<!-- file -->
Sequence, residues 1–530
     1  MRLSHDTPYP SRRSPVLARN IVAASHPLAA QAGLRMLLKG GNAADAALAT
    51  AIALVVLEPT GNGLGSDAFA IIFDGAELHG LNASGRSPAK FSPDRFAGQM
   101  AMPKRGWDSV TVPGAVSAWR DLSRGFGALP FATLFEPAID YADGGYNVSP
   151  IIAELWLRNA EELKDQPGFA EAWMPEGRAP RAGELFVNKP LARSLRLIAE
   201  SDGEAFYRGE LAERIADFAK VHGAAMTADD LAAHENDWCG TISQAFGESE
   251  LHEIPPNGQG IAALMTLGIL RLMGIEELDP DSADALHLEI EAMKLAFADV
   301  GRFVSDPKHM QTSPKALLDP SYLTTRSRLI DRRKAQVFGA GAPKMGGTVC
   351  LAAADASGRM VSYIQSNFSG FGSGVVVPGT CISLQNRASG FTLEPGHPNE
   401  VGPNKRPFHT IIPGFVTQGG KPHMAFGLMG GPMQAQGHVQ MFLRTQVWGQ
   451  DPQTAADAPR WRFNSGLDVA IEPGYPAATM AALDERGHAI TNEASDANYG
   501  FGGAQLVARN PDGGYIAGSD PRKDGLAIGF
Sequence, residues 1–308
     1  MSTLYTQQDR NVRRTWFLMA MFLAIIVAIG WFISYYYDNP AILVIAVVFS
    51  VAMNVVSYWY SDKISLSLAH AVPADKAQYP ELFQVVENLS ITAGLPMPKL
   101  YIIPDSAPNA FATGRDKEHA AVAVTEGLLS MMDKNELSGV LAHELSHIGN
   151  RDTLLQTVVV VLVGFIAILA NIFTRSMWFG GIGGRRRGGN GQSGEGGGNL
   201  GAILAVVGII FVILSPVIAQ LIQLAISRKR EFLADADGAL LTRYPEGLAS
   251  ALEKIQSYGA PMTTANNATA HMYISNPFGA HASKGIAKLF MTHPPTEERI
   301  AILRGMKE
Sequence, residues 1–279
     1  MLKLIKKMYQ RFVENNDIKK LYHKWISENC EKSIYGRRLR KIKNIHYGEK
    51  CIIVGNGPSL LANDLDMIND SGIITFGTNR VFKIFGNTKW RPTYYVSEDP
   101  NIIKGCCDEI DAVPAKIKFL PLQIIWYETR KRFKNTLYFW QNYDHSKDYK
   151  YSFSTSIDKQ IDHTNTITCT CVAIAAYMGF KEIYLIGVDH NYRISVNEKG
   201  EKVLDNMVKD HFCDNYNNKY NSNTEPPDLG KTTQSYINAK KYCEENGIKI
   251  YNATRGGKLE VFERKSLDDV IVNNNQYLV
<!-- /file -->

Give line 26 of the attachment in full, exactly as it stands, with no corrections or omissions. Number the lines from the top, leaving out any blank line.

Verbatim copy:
   201  EKVLDNMVKD HFCDNYNNKY NSNTEPPDLG KTTQSYINAK KYCEENGIKI